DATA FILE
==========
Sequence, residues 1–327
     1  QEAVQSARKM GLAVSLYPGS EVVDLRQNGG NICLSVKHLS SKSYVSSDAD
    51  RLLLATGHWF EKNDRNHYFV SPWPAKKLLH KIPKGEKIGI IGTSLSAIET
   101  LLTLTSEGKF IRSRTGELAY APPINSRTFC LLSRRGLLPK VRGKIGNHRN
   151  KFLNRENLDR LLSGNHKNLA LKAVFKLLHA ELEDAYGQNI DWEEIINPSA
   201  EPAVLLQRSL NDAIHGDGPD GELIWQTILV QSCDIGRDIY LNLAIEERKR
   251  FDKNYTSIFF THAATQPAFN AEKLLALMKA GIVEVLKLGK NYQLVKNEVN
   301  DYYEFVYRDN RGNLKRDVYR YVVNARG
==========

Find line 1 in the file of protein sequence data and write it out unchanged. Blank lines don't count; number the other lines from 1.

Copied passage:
Sequence, residues 1–327